Before we even closed The Conspiracy of Michael at the Hamilton Fringe in 2014, Stephen wanted to write and perform a one man show, Finding Mr. Wright. Aaron was to direct and I was to be there not only to support the production but assist in the dramaturgical process. I was perfectly happy to have a bit of a break during the next Fringe Festival but then, a few months ago, Stephen’s one-man show was no more and the play became a two person drama called Finding Mr. Right. Stephen asked me to co-star with him to portray the character of Shelly who, although fictional, is inspired by a real-life political figure.
It’s been a few years since I’ve had to memorize more than a few pages of dialogue for a show but I was excited for the opportunity to be one of two performers onstage. But then it dawned on me this is a show about Canadian politics. I always vote, but I will admit, it is something I am not overly knowledgeable about or particularly interested in (I do have guilt about this… that counts for something right?). I agreed to do the show and to learn as I go. All the while Stephen and Aaron explained more about the people in Canadian politics and the details of the Senate scandal upon which the show is based. Of course I did my own Google searches, read articles, and looked up the definitions of some of the political lingo. I learned a few new things about Canadian politics, true, but that doesn’t mean I found a passion I never knew I had for politics. Admittedly, I would still rather search online for new knitting patterns than articles about people in Ottawa.
So how did I become personally invested in the script? Well, I may not be a fan of politics, in general, but I am a fan of House of Cards. Like big time. I’ve watched Season One probably three times. And it’s not the politics that keep me going back for more. It’s the characters. Frank Underwood is probably one of my favourite characters in TV. And Shelly has a fair amount in common with Frank. She has a need for power and desperation to come out on top at any cost. But what does that look like for Shelly? That’s what I had to ask myself when preparing for this role. And for me that is interesting work.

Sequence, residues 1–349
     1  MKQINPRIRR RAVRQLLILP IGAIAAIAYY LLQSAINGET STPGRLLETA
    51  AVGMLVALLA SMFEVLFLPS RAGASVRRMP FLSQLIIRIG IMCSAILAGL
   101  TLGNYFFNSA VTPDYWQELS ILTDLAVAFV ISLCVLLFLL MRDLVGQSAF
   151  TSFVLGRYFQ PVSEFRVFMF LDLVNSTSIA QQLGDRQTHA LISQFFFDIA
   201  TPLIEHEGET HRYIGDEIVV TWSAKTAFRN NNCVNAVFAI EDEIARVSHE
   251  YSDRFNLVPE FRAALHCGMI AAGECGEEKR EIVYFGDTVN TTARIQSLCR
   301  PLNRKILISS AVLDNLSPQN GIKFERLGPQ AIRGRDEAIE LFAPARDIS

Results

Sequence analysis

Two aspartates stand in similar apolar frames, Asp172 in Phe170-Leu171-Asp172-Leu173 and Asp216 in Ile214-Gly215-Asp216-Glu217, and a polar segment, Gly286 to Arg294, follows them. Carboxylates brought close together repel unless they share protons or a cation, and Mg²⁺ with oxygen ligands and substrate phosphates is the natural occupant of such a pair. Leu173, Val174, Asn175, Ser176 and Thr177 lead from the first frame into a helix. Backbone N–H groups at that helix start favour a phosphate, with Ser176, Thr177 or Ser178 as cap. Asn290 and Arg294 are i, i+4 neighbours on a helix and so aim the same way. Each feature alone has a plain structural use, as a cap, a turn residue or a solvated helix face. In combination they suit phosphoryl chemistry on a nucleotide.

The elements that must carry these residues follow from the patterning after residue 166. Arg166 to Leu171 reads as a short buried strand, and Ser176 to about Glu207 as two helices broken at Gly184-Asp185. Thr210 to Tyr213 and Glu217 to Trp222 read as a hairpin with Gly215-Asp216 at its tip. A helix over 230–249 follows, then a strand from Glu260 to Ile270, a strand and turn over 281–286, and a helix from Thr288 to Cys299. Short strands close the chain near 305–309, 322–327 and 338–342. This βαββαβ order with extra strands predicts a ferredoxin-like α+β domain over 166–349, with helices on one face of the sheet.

I love watching confrontation on stage. The struggle of a character to survive is what I’ve always found engaging in theatre. And I love being a part of creating that type of conflict on-stage. And it’s exciting and challenging to work through what Shelly’s struggle to win looks like, and how that affects her approach to the character of Nathan (played by Stephen). Will she win, and what does winning even mean for her? Politics is important to the show and to the process because they help to understand what’s at stake for Shelly. But I think, ultimately, it’s not just about politics; it’s about her career, her status, her power, and her sacrifice. And we can all relate to those things.
When approaching a play or a character I think you have to approach it as life or death. This is all we see of these characters and their lives, and if the stakes aren’t life or death then why bother? Finding Mr. Right is definitely life or death for Shelly and Nathan. The politics are the background but the characters are front and centre.